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Preeclampsia and HELLP syndrome: dangers of misdiagnosis

A serious birth injury can affect both mothers and children alike. Preeclampsia and HELLP syndrome are two of the deadlier disorders of pregnancy and birth. Unfortunately, a medical care system that focuses more on the well-being of the infant can overlook serious symptoms of the mother.

Preeclampsia and HELLP syndrome kill approximately 70 women in the United States every year. The illness, when appropriately diagnosed, is highly treatable. But if a physician allows the disorder to go unchecked, families may need to find solutions for the damages that can be fatal to both mother and child. In Chicago, this may mean consulting with an attorney.

What is preeclampsia and HELLP?

Preeclampsia is a disorder of the placenta, the organ that provides oxygen and nutrients to the fetus while it is in the womb. Symptoms of preeclampsia include swelling, headaches and high blood pressure. The disorder can affect up to five percent of all pregnant women. The traditional belief about treatment for preeclampsia is delivery of the baby.

HELLP syndrome results when severe preeclampsia is untreated. The syndrome can lead to liver and kidney failure. The cells in the blood break down and there is a loss of platelets. This combination of factors can contribute to dangerous bleeding. The two disorders create serious trouble for babies and mothers during labor and delivery.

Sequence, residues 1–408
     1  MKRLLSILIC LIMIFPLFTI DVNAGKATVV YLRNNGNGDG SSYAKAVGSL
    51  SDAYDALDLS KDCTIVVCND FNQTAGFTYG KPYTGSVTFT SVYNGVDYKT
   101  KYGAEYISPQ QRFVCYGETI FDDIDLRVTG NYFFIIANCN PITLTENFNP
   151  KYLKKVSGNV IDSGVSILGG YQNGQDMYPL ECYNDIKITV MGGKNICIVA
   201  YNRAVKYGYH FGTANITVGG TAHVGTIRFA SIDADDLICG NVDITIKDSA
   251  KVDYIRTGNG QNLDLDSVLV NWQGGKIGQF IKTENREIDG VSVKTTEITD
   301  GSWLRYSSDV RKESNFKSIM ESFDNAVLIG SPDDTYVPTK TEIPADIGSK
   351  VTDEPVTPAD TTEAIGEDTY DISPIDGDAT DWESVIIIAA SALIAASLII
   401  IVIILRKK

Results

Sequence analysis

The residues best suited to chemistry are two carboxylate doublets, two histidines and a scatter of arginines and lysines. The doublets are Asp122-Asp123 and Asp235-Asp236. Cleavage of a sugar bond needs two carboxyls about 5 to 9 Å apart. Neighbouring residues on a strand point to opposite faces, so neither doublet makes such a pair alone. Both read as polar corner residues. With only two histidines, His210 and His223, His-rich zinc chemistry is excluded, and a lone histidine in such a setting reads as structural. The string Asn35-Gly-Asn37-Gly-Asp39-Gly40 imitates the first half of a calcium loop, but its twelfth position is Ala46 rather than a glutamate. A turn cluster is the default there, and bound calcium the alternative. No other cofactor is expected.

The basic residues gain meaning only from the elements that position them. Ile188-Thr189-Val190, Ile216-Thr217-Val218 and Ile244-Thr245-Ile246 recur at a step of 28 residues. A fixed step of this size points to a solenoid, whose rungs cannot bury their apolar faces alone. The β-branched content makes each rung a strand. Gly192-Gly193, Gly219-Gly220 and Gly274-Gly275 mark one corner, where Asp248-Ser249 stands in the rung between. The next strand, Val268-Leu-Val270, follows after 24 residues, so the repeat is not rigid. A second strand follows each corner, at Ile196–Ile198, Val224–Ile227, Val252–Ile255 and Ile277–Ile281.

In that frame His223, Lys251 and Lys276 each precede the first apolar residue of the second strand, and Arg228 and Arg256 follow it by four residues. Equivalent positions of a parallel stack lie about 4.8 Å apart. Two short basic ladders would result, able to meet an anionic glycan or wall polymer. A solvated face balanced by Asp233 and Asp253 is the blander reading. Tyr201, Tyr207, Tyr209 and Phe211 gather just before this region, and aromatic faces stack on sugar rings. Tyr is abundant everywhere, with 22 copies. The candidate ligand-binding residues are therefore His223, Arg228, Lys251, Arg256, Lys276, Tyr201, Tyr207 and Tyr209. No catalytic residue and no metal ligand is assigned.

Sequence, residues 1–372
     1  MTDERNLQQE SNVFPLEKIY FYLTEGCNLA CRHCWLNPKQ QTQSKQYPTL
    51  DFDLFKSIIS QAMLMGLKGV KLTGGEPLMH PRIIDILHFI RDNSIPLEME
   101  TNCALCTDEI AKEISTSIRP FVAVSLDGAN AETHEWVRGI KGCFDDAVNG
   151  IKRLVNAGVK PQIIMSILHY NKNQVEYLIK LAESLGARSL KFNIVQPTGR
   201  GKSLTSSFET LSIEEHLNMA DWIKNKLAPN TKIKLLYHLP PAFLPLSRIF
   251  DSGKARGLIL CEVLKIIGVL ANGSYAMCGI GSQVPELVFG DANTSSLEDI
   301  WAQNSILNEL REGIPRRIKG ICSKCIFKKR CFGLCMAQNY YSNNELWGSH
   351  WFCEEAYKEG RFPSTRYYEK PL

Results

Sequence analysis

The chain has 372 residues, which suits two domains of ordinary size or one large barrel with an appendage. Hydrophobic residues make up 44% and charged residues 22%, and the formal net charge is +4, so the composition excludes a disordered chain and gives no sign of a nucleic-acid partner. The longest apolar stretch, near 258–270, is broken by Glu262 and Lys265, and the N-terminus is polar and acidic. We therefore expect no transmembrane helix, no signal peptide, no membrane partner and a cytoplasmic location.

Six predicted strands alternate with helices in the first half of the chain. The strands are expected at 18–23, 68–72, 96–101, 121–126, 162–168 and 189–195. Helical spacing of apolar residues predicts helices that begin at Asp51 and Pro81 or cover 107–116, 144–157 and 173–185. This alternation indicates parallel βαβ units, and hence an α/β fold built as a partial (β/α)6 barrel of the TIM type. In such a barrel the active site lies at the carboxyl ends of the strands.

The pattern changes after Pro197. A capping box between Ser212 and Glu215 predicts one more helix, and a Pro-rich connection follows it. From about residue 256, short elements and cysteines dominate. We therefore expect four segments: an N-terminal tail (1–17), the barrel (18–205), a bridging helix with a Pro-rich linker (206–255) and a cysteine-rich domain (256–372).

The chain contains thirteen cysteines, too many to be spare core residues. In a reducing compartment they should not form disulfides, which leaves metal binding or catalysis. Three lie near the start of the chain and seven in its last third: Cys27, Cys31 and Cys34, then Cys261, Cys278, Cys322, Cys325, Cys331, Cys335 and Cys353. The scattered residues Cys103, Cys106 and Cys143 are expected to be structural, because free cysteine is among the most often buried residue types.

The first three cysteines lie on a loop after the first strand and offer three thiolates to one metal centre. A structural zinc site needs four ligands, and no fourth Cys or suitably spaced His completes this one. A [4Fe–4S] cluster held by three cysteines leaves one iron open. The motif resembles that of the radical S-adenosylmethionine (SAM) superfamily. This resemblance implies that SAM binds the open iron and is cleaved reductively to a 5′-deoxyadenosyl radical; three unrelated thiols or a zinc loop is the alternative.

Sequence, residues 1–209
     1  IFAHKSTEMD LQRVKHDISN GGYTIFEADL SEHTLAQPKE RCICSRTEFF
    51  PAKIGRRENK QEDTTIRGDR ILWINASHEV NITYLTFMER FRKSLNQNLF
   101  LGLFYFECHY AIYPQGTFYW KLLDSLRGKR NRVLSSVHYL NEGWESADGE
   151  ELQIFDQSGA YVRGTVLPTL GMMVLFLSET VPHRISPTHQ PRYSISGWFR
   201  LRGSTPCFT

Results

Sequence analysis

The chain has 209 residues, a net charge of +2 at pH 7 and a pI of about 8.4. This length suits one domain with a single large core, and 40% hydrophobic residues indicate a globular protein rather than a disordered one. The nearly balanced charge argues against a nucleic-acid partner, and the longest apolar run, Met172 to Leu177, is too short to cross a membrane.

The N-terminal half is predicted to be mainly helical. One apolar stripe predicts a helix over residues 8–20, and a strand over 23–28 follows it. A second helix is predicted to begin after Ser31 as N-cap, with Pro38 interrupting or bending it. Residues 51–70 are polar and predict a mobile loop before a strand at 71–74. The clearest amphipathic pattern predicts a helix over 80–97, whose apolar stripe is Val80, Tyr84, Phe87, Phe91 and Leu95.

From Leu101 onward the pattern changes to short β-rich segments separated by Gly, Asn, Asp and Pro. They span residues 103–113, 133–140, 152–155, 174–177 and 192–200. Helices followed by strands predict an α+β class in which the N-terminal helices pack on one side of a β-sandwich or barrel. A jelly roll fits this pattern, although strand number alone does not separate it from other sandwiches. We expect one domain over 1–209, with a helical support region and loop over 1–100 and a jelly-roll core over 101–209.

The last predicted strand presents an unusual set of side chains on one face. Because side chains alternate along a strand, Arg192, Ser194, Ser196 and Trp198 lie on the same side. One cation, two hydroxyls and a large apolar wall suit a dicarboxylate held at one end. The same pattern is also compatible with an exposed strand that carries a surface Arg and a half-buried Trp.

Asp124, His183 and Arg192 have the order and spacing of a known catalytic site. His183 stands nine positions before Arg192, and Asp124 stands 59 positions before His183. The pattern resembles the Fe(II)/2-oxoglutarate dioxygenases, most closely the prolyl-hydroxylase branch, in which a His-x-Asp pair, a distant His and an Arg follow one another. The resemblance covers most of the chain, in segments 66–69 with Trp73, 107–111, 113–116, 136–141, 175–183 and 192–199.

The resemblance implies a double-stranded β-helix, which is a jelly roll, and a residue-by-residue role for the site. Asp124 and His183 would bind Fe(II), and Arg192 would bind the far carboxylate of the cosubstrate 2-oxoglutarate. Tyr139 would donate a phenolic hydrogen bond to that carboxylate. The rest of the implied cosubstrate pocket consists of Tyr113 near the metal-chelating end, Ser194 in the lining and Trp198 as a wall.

Why is it misdiagnosed?

Physicians sometimes misdiagnose preeclampsia and HELLP and delay important medical intervention. The symptoms of preeclampsia, especially the symptom of gastric pain, mimic indigestion, and doctors sometimes misdiagnose the pain a mother is describing as heartburn. Also, since some doctors think that delivery is the best treatment for preeclampsia, they might forgo other important medical interventions. The reality is that many women die after the delivery due to the ailment.

How can doctors and hospitals better serve women?

Experts agree that doctors, hospitals and nursing staff can better serve women by monitoring specifically for this illness of birth. Experts also argue that delivery is not the only treatment for the disorder, and hospitals should take steps to have medicines and treatments on hand. Individuals who have studied the disorder believe that women should challenge the notion that dangerous circumstances are a regular part of birth.

When physicians understand that birth can be catastrophic for women, they say, doctors will be better prepared to make fast and effective medical interventions in an emergency. When physicians heed warning signs, tests, and precautions, women and children are safer during birth.  

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